Celtic tribes known as Helveticans were some of the first known inhabitants of Switzerland. Julius Caesar and his Roman armies invaded the area and by 58 BC, present-day Switzerland was under Roman control. It wasn’t until 400 AD that another invasion came to the country in the form of the Germanic Alemanni tribe. They were successful in driving the Romans out of Switzerland. The Burgundians, a fellow Germanic tribe came later, settling in the west.
In the 6th century, the Franks came to Switzerland, conquering both the Alemanni and the Burgundians. The tribes were torn apart once again in the 9th century when Charlemagne’s empire was partitioned. The groups would not be united until 1032 when the area became part of the Pan-European Holy Roman Empire.
Despite being under the Holy Roman Empire, the people of Switzerland were generally left to their own devices, a system that they naturally enjoyed. This changed in 1273 when Rudolph I, a Hapsburg ruler became the Holy Roman Emperor and sent men into Switzerland to collect taxes. Rudolph I’s goal was to tighten the administrative control he had over the country leaving the population angry and resentful.
Frustrated under Rudolph’s rule, the Swiss were quick to mobilize towards independence upon Rudolph’s death in 1291. They called themselves the Swiss Confederation, however, not everyone was happy with this decision. In 1315, Duke Leopold sent Austrian armies into Switzerland in an attempt to quash the growing Swiss nationalism. While Leopold was successful in defeating the Swiss, it was not the outcome he wanted. Frustrated once more by threats to their independence, the defeat at the hands of Leopold only encouraged more groups to join the Swiss Confederation. For the next 200 years, the Swiss faced many military attacks yet they remained persistent. They were finally granted independence from Holy Roman Emperor Maximilian in 1499.
The Swiss, now famous for their neutrality, began this tradition as far back as the 17th century. The Thirty Years' War was the result of the Protestant Reformation and the Catholic Counter-Reformation. It was a brutal war, it was incredibly destructive to Central Europe. Unable to choose between the Catholic and Protestant sides, Switzerland declared itself neutral.
In 1798, the French invaded Switzerland. This resulted in a great deal of internal fighting that forced Napoleon to bring back the confederations of cantons (administrative subdivisions) in 1805. When Napoleon was defeated in 1815, the Congress of Vienna guaranteed Swiss independence and neutrality.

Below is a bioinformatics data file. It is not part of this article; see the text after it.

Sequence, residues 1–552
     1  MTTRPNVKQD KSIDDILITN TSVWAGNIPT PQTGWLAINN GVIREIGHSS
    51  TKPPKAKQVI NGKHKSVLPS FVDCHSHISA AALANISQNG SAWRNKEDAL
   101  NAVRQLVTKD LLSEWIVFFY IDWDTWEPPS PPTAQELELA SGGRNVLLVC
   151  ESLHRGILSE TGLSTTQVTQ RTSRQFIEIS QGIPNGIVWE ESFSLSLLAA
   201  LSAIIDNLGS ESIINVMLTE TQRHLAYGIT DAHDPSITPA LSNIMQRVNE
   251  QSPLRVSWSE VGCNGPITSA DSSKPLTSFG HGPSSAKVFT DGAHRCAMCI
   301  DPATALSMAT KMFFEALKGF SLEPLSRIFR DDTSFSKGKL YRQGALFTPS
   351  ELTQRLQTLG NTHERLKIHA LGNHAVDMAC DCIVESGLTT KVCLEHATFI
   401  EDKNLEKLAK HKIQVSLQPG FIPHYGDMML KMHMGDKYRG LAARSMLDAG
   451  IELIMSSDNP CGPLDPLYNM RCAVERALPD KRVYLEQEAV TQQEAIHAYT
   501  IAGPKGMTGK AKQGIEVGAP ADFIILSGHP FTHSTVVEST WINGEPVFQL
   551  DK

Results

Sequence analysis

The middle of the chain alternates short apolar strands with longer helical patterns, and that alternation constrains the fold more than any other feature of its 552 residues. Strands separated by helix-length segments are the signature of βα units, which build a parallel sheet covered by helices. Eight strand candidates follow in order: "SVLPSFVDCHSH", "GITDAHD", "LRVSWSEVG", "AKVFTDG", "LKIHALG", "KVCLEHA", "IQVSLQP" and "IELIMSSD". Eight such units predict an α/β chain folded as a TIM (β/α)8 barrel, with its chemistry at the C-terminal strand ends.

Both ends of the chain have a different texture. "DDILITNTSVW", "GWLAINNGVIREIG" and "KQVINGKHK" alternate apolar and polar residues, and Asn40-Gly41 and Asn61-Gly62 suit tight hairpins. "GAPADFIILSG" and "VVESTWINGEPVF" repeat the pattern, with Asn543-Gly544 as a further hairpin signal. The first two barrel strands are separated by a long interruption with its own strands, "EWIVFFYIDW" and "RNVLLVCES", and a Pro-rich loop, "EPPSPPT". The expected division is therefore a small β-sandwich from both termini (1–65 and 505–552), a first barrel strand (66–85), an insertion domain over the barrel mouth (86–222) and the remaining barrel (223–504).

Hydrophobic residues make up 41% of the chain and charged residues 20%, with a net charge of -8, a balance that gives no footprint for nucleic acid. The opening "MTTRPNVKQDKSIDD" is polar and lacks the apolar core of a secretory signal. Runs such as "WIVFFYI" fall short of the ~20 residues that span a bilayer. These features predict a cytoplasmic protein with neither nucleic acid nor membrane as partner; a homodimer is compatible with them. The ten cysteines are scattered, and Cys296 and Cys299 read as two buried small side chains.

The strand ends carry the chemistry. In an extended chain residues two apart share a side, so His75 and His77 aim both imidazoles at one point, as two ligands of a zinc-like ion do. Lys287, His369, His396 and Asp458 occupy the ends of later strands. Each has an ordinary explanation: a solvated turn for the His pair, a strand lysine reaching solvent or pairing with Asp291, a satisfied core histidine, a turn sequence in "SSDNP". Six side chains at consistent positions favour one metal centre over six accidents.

Civil war broke out in Switzerland in 1847 between the Protestant army and Catholic cantons. While the war only lasted for 26 days, it did bring in a new federal constitution and the city of Bern was named as the capital. Things began to take off in Switzerland in the second half of the 19th century. Railways and roads were constructed, skilled labourers formed guilds, and tourism was heavily promoted. In 1863, Henri Dunant founded the International Red Cross in Geneva.
When the First World War struck Europe, the Swiss maintained their neutrality, only contributing to Red Cross units. Following the war, they joined the League of Nations but without military involvement. A general strike in 1918 helped establish the progressive social state that Switzerland is famous for to this day.
The Swiss were not involved in the Second World War, and as such, they were able to remain stable in the aftermath. Zurich established itself as an international banking centre and Geneva became an important spot for many international organizations such as the World Health Organization. Initially prohibited from joining the UN because of its neutrality, Switzerland became the 190th member of the UN in 2002.
Switzerland Travel Information
At Goway we believe that a well-informed traveller is a safer traveller. With this in mind, we have compiled an easy-to-navigate travel information section dedicated to Switzerland.
Learn about the history and culture of Switzerland, the must-try food and drink, and what to pack in your suitcase. Read about Switzerland's nature and wildlife, weather and geography, and 'Country Quickfacts' compiled by our travel experts. Our globetrotting tips, as well as our visa and health information, will help ensure you're properly prepared for a safe and enjoyable trip. The only way you could possibly learn more is by embarking on your journey and discovering Switzerland for yourself. Start exploring… book one of our Switzerland tours today!
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